Witches have obviously provided ample inspiration for cinema since its earliest days, and the manner in which she has manifested from this historical and cross-cultural perspective are diverse. Think even generally of the fairytale witches of Disney’s Snow White and Cinderella, or Pier Paolo Pasolini and Luchino Visconti’s work on the 1967 anthology Le streghe, or the James Stewart / Kim Novak fronted Bewitched prototype Bell, Book, and Candle (Richard Quine, 1958), released the same year as their more famous collaboration on Alfred Hitchcock’s Vertigo (a film about witchcraft of a different kind). Yet after films like Roman Polanski’s Rosemary’s Baby (1968) and Suspiria, screen culture moved increasingly towards a softening of the witch, peaking in the 1990s with the television series Sabrina the Teenage Witch and movies like The Craft (Andrew Fleming, 1996). Mainstream postfeminism in the era of the Spice Girls broadly reconfigured grotesque, malevolent evil into something far sassier and lip-gloss wearing.
While this quirkification of the witch satisfied many feminist critics at the time – understood as a shift from a blanket notion monstrous-femininity to a more positive representation of ‘grrrl power’ branded agency – for me, at least, something important was lost. I mourned for these vivacious teens their right to a less acceptable form of monstrosity, one that they could – if they so wished – be a more radical force to unleash their own gyno-rage however they damned well pleased.
When witches become palatable, they become controllable: I’d rather be a mad, dangerous, powerful crone than teen-screen friendly commercialised wank fodder, be it literally or – for the many feminist academics who went gaga for this mode of supposedly ‘progressive’ representation – something more symbolic.
Then in 1999, for better or for worse, Eduardo Sanchez and Daniel Myrick’s The Blair Witch Project made witches scary again. But while I celebrated their determined rejection of the then dominant cute-witches motif, it too came at a price: while an impressively effective horror film, The Blair Witch did so at the expense of women filmmakers themselves with its overwhelming demonisation of its central filmmaker protagonist. Heather was unambiguously constructed as a kind of ‘hag’, her dominance over her male peers suggesting, according to the film’s own internal logic, that by taking on a ‘male’ role as filmmaker, she was asking for trouble.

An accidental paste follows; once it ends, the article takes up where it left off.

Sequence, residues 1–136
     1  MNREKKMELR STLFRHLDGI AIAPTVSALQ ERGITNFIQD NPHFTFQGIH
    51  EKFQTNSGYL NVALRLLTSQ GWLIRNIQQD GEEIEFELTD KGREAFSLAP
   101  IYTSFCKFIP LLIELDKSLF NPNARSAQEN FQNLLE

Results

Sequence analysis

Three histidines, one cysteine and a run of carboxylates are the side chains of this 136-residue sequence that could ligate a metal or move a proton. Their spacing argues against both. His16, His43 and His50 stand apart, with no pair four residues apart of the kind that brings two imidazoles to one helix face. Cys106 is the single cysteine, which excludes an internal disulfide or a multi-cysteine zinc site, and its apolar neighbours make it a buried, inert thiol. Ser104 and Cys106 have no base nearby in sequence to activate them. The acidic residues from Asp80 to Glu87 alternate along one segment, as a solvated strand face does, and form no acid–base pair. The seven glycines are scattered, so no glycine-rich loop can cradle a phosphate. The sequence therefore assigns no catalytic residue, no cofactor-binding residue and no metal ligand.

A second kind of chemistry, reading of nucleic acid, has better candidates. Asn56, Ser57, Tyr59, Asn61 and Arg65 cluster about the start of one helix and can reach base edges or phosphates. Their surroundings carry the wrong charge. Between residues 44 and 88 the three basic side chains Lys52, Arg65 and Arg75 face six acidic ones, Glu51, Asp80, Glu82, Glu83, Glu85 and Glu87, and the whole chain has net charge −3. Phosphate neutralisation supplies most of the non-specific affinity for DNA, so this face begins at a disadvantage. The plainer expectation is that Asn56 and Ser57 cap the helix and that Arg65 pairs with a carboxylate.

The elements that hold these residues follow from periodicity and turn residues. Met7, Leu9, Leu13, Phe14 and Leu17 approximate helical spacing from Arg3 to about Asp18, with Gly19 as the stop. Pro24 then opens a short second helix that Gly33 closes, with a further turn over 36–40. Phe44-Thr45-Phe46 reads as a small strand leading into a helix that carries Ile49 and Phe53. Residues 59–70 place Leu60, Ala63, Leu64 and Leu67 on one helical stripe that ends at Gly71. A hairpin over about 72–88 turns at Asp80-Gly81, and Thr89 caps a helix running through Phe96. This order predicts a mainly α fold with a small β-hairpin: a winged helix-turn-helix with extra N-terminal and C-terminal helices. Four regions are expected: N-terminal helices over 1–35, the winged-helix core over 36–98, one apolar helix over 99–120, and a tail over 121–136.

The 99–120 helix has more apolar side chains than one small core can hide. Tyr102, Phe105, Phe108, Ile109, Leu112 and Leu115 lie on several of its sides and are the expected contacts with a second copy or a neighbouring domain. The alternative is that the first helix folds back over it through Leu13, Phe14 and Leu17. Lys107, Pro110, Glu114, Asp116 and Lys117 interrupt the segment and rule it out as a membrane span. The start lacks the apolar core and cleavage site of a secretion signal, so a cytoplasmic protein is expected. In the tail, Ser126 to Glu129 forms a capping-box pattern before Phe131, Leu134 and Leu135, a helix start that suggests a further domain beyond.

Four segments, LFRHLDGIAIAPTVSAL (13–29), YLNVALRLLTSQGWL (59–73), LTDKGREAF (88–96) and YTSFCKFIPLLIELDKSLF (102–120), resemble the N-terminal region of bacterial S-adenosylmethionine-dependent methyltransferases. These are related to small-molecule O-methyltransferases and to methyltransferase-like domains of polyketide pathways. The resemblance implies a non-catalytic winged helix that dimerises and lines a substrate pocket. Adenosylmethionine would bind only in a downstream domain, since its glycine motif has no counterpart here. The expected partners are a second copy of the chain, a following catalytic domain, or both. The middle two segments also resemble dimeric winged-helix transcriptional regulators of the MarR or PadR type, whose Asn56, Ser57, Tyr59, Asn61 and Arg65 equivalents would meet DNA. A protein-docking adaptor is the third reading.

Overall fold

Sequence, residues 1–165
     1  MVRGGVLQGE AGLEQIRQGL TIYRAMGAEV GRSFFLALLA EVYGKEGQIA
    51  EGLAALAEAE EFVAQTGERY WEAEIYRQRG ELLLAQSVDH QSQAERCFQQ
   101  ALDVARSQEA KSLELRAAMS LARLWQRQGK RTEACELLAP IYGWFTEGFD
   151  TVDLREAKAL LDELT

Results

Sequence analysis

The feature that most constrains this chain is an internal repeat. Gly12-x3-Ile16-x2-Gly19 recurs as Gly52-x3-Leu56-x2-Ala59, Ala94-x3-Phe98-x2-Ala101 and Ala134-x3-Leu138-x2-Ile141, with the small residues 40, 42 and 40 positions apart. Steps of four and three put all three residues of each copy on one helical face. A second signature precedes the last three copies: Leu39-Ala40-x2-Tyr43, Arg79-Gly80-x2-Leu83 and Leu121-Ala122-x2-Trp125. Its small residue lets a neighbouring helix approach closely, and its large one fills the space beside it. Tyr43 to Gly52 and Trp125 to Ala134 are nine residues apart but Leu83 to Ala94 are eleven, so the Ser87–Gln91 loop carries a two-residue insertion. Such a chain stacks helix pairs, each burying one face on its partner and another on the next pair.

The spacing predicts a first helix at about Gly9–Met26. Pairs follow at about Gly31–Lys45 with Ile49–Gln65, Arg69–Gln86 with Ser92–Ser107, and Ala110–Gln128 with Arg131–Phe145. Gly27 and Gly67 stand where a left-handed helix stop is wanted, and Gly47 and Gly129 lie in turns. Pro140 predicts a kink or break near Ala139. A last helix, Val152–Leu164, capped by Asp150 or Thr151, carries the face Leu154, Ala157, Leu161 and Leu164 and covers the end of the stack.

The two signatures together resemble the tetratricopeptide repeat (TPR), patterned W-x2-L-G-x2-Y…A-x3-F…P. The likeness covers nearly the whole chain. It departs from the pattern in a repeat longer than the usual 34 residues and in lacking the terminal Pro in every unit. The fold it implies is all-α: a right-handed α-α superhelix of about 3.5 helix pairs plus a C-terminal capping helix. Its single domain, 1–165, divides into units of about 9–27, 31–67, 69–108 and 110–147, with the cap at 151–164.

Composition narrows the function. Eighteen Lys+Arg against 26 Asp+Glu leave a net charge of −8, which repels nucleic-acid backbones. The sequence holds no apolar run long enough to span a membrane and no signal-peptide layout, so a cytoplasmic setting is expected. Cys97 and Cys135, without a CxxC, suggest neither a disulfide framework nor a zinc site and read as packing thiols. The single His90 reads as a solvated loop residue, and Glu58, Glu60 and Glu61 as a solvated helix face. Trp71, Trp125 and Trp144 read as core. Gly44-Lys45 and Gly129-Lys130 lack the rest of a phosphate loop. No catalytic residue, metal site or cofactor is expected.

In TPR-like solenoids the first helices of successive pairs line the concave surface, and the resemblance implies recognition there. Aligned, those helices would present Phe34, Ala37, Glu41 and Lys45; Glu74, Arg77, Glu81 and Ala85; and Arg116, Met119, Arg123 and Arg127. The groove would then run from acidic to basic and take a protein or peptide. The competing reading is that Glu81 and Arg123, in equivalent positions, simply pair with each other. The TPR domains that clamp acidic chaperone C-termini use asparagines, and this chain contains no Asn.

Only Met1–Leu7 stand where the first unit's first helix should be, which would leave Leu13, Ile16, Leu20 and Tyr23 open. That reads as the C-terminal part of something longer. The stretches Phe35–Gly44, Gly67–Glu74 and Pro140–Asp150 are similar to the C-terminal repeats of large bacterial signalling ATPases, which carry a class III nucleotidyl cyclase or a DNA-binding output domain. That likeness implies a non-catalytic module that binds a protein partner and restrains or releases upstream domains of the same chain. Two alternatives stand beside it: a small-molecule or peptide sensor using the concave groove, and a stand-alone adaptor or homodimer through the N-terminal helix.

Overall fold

It is from this perspective that The Witch is a game changer – not because it is doing something necessarily new, but precisely because it is reminding us of something precious about witches that we have all but forgotten: the power of owning your own monstrosity, whatever form it might take. In retrospect, the film is built towards an explicit reference to Goya’s ‘Witches in Flight’ (1798), and working back from this moment The Witch explores the attraction to witchcraft for women, allowing a configuration of the term along planes both literal (folkloric) and symbolic (in the shape of an active resistance to patriarchy). Women and girls of different ages and types ‘play’ witches in the movie in a number of ways, rendering inescapable the fact that the conscious adoption of a ‘witchy’ persona has a cultural, social and ultimately ideological function, power and purpose.
The Witch recalls earlier horror cinema traditions where we don’t need to be smug to be smart, and is an important, explicit reminder that contemporary cinema itself contains a fundamental folkloric aspect in its provision of a potent space for the development and evolution of centuries-old cross-cultural myths and legends. The Witch stands for the types of power available to women and girls – no matter what their age – within the space of folklore history. It provides a long-absent space for female monstrosity to be a representational tool available for women to choose – or refuse – for ourselves.